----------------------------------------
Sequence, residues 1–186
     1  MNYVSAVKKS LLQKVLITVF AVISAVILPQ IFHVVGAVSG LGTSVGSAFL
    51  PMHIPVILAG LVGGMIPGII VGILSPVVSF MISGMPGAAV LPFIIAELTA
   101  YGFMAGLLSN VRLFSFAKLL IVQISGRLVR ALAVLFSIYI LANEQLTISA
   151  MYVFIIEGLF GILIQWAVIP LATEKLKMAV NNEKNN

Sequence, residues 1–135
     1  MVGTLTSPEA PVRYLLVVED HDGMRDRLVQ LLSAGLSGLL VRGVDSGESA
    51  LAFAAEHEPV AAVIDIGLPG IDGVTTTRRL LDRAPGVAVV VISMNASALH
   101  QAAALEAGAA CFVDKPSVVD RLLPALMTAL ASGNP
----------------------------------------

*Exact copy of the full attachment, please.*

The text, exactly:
Sequence, residues 1–186
     1  MNYVSAVKKS LLQKVLITVF AVISAVILPQ IFHVVGAVSG LGTSVGSAFL
    51  PMHIPVILAG LVGGMIPGII VGILSPVVSF MISGMPGAAV LPFIIAELTA
   101  YGFMAGLLSN VRLFSFAKLL IVQISGRLVR ALAVLFSIYI LANEQLTISA
   151  MYVFIIEGLF GILIQWAVIP LATEKLKMAV NNEKNN

Sequence, residues 1–135
     1  MVGTLTSPEA PVRYLLVVED HDGMRDRLVQ LLSAGLSGLL VRGVDSGESA
    51  LAFAAEHEPV AAVIDIGLPG IDGVTTTRRL LDRAPGVAVV VISMNASALH
   101  QAAALEAGAA CFVDKPSVVD RLLPALMTAL ASGNP